As the second most popular database in the market, SQL Server has numerous different versions that are designed to cater for different workloads.
Developed by Microsoft and implementing the Structured Query Language (SQL), the database comes as software, and is predominantly used for the storing and retrieving of data which has been requested by other software applications.
Several different versions of SQL Server exist, including a free version called SQL Server Express which is limited in size but provides a handy test environment for application development.
SQL Server 2005 is the oldest version but cumulative updates have stopped for it. Following that is SQL Server 2008 and SQL Server 2008 R2, like the 2005 version there are no more cumulative updates available.
The oldest version that still receives updates is SQL Server 2012, the most recent update was in May 2016. SQL Server 2014 was the newest version until SQL Server 2016 was released, and that was also updated in May 2016.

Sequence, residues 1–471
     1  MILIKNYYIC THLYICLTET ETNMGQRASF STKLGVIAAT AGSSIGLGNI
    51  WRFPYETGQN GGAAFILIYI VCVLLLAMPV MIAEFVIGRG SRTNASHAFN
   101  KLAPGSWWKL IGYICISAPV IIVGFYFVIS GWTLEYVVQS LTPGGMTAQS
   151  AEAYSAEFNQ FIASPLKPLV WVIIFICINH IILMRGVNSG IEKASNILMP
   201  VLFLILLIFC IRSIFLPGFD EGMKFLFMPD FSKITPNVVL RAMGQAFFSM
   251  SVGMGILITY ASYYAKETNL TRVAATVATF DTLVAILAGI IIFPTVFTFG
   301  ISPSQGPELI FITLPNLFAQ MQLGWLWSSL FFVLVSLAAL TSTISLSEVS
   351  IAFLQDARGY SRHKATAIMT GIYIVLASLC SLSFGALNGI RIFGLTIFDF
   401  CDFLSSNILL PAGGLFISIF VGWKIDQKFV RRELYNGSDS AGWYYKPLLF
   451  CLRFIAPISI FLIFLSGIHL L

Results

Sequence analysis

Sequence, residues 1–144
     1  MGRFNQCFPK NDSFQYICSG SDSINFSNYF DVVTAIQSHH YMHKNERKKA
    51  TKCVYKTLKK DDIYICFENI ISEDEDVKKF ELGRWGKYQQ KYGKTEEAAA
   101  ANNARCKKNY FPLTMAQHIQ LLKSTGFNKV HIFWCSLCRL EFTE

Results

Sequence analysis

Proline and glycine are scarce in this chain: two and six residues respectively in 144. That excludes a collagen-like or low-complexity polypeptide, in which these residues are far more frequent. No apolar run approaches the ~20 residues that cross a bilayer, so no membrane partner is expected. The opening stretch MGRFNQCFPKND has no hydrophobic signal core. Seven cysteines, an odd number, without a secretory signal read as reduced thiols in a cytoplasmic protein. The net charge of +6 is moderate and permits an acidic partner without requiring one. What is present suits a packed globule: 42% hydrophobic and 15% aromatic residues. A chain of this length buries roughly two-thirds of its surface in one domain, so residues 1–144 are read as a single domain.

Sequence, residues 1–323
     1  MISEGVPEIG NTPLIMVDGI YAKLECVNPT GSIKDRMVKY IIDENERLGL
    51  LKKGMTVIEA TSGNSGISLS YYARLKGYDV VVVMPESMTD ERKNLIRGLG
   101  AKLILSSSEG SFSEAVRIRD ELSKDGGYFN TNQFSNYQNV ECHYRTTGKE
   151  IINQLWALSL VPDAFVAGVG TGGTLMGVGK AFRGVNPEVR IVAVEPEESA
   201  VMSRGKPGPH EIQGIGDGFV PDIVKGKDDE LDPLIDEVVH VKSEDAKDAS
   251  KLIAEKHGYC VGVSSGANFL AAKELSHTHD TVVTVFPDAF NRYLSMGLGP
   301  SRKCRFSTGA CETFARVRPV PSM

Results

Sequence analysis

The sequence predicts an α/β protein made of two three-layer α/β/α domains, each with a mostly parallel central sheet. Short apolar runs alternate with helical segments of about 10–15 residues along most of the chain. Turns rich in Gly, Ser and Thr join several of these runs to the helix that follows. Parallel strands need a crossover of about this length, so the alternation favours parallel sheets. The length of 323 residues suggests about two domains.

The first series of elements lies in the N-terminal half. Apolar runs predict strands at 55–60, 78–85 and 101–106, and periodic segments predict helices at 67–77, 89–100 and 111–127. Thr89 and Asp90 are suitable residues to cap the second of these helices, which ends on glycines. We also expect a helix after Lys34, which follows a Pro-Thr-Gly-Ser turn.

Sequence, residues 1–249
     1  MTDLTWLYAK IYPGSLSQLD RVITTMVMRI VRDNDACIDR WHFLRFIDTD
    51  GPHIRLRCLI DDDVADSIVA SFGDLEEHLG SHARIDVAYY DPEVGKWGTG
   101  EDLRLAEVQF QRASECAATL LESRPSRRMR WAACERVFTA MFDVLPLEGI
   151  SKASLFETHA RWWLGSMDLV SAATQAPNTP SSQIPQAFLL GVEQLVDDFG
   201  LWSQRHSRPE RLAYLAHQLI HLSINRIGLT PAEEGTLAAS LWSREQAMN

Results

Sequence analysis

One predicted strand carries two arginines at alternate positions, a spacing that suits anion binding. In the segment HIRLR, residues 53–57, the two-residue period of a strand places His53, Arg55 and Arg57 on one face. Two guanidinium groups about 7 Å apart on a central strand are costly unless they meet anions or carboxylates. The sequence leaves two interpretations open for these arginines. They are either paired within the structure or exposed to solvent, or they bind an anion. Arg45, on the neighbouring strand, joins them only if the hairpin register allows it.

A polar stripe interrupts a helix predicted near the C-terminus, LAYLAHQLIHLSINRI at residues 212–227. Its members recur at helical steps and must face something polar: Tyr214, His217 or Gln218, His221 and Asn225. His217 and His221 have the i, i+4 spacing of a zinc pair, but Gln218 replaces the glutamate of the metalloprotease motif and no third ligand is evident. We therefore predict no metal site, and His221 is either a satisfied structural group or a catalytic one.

Microsoft recently released its latest version with SQL Server 2016. This version comes in four editions: Standard, Enterprise, Express, and Developer.
The company created the latest version to share a code base with Azure SQL, the cloud version of the database, so that new features can be quickly developed and tested in the cloud environment before being rolled out to the on-premises version.
New additions to SQL Server 2016 include a Stretch Database that extends from on-premises to the Azure cloud, without the need for coding.
Reporting has also been updated so that mobile reporting has been added, supporting iOS, Android, and Windows Phone, in addition to support for HTML5.
The company also increased security with the Always Encrypted feature that allows customers to encrypt data from the client to the server, while storing the keys on the client.
Addition features have enhanced auditing the database, troubleshooting, and tuning.